1 heads, 62 sectors/track, 61968 cylinders, total 3842048 sectors
Units = sectors of 1 * 512 = 512 bytes
Sector size (logical/physical): 512 bytes / 512 bytes
I/O size (minimum/optimal): 512 bytes / 512 bytes
Disk identifier: 0x00000000

   Device Boot      Start         End      Blocks   Id  System
/dev/sdb1   *      695166     3839998     1572416+   b  W95 FAT32

Start of the visible partition is at 695166 sector # (means at 695166*512=355924992 bytes):

xxd -a -skip 355924992 /dev/sdb
1536fc00:eb3c 904d 5344 4f53 352e 3000 0208 2000  .<.MSDOS5.0... .
1536fc10:0200 0000 00f0 0000 0000 0000 0000 0000  ................
1536fc20:81fc 2f00 fd0b 0000 0000 0000 0200 0000  ../.............
1536fc30:0100 0600 0000 0000 0000 0000 0000 0000  ................
1536fc40:8000 296f 0000 0020 2020 2020 2020 2020  ..)o...         
1536fc50:2020 4641 5433 3220 2020 0000 0000 0000    FAT32   ......
1536fc60:0000 0000 0000 0000 0000 0000 0000 0000  ................
1536fdf0:0000 0000 0000 0000 0000 0000 0000 55aa  ..............U.
1536fe00:0000 0000 0000 0000 0000 0000 0000 0000  ................
15373c00:f8ff ffff ffff ffff ffff ff0f 0000 0000  ................
15373c10:0000 0000 0000 0000 0000 0000 0000 0000  ................
154f3600:f8ff ffff ffff ffff 0000 0000 0000 0000  ................
154f3610:0000 0000 0000 0000 0000 0000 0000 0000  ................
15673000:2020 2020 2020 2020 2020 2008 d0da e18c             .....
15673010:6441 6441 0000 e18c 6441 0000 0000 0000  dAdA....dA......
15673020:0000 0000 0000 0000 0000 0000 0000 0000  ................
1576fc00:f8ff ffff ffff ff0f ffff ff0f 0000 0000  ................
1576fc10:0000 0000 0000 0000 0000 0000 0000 0000  ................
15943600:f8ff ffff ffff ff0f ffff ff0f 0000 0000  ................
15943610:0000 0000 0000 0000 0000 0000 0000 0000  ................
15b17000:2020 2020 2020 2020 2020 2008 0000 0000             .....
15b17010:0000 0000 0000 0000 0000 0000 0000 0000  ................
... and nothing more until a little time.

Remember: I zeroed 4096*128000 bytes, I must find out the end, where there are many zeroes until this limit (4096*128000=0x1f400000).
In this case: 0x15b17010 seems to be the end of my FAT32 partition.

So you can suppose that the end of image (including the fat32 partitions) is at 0x15b17010.
0x15b17010 makes in decimal: 88856 blocks of 4096 bytes (rounded up).

dd if=/dev/sdb bs=4096 count=88856 |bzip2 -9 > Mele_4.0_V1.3BETA_revised_en_us_4.ddimg.bz2
The resulting file is a compressed dd-able image.

To write this dd-able image, you can perform:
bzip2 -cd Mele_4.0_V1.3BETA_revised_en_us_4.ddimg.bz2|dd of=/dev/sdx bs=4096

Mele_HTPC_0929_BETA_V1.3 Revised version: en_US v4

Another release that fixes the "reboot never ends" bug after having launched Google Play:

On 4shared:

Edit: md5sum=70aee0c6ae9c375e72d3f87bed594ef0  Mele_4.0_V1.3BETA_revised_en_us_4.img 
        dd-able image: Mele_4.0_V1.3BETA_revised_en_us_4.ddimg.bz2
        md5sum=ea14dab60e131feac04f20a7947291e9  Mele_4.0_V1.3BETA_revised_en_us_4.ddimg.bz2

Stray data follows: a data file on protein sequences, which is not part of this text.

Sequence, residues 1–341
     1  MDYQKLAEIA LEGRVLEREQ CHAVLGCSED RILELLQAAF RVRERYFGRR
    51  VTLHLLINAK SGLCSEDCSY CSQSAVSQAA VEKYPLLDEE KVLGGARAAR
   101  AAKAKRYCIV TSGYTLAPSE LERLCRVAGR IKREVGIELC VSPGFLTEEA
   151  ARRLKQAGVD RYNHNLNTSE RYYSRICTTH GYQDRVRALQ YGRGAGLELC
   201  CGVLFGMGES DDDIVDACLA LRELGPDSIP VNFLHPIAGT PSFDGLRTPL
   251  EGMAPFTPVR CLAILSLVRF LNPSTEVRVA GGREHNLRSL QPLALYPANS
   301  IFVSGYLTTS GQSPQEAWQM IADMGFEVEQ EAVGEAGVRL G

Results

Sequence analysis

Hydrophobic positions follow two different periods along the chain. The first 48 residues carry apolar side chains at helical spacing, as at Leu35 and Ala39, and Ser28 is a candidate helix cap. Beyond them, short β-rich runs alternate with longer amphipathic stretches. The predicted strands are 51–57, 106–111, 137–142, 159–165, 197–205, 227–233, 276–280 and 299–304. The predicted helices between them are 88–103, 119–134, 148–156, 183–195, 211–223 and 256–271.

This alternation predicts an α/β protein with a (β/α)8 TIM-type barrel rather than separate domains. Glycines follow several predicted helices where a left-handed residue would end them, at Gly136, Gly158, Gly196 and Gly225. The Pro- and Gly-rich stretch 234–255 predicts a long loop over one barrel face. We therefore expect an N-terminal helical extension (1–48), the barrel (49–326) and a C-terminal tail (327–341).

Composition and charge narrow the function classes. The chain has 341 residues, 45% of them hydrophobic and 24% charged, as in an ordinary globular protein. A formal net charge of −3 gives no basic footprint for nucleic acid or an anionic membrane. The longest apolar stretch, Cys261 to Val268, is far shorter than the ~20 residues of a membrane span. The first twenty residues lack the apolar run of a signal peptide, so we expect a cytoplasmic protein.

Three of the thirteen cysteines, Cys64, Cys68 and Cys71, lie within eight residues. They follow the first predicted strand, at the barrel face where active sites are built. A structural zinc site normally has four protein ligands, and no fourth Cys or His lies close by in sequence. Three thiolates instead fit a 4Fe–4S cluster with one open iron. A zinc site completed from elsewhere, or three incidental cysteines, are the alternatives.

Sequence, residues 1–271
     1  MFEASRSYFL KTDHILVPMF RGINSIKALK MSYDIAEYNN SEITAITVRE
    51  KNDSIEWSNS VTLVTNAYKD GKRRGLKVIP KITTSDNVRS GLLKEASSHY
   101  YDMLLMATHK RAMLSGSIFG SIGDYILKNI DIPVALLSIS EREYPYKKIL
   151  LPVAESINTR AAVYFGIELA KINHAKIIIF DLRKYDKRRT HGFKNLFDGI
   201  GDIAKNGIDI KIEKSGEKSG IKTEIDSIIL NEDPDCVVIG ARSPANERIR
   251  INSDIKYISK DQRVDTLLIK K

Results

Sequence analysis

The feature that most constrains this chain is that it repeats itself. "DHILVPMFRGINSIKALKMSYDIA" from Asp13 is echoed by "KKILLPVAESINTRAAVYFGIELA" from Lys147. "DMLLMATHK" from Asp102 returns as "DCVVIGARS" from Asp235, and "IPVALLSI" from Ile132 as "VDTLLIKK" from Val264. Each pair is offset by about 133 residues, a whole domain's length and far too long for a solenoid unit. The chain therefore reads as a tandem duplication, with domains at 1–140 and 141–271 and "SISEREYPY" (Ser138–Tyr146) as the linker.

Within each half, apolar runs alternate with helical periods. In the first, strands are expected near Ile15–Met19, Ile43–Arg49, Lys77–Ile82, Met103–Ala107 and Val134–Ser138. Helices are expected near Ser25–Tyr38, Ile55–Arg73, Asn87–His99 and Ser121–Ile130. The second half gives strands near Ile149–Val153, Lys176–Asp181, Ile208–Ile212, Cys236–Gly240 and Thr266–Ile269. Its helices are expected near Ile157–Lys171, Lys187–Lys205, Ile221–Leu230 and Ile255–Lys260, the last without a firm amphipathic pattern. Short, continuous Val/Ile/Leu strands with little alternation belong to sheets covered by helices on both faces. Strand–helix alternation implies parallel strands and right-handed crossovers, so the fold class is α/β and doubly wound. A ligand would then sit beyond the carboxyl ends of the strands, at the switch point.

Precision: this release disables the Google Play updates automatically (via a /etc/init.d/ script), that makes the bug occur. You don't need to perform the steps mentioned hereafter if you take it.

I hope this will be the last under Android 4.0 (next will be 4.1 JellyBean when Mele decides to release it).
After many tries (copy Vending.apk from old firmware, revert all /system/app and /system/framework, ...), nothing solved the "reboot never ends" issue.

Then I had the idea to revert the Market update (go to Paremeters->Applications->All->"Google Play"->"Uninstall updates".
And yes, it works. The Market update is what makes the system fail.

So the solution is to disable the Market update definitely. I don't know the consequences on a long term period, but for this release, no more "reboot never ends" issue.
In order to disable the Market update, see this thread: (How-to) prevent Android Market app from updating itself, that says:

Do "uninstall updates" on the market app (in "manage applications").
Open the terminal app.
Run "su" to become root.
Run: touch /data/app/
Run: chattr +i /data/app/

You can perform only "uninstall updates" step, but you will have to do that at each reboot.

In the above image, there is a init.d script that performs the required touch+chattr operations automatically.
I also removed the last Chinese application (sorry for them).

Note for Chinese people: this fix should apply on the Chinese firmware, but you have to add these lines in the init.rc script (on post-fs-data) since there is no init.d system in the original firmware.

dimanche 28 octobre 2012

Mele_HTPC_0929_BETA_V1.3 Revised version: en_US v3

Here is a new firmware version:
What is fixed:
- fixed the reboot bug. Many thanks to tuscanman from the Russian forum that gave the solution. Google Market did not get the right permissions, fix inside android.policy.jar:
- added the xpad.ko kernel module (/system/vendor/modules/xpad.ko, )
- added the /etc/init.d/ facility. At boot, all scripts inside this directory will be called. This allows the user to run custom commands at boot (look at the script 99test that writes a test file at boot). You can add commands in this script or clone it to add some other commands (like insmod /system/vendor/modules/xpad.ko)
- called mksh where busybox sh is not really necessary in startup scripts. Abuse of busybox eats memory, well this gives minor effect.

Edit: the reboot bug stilll persist, I still get a system hang at reboot... sadly.
Edit(2): I just saw that on the serial console you have a login. Here is the logcat output, need to analyse it now...: logcat_reboot_fail.log

lundi 22 octobre 2012

Mele_HTPC_0929_BETA_V1.3 Revised version: en_US [again]

To be short, don't use the firmware in my previous post, generated a firmware from the provided on this site: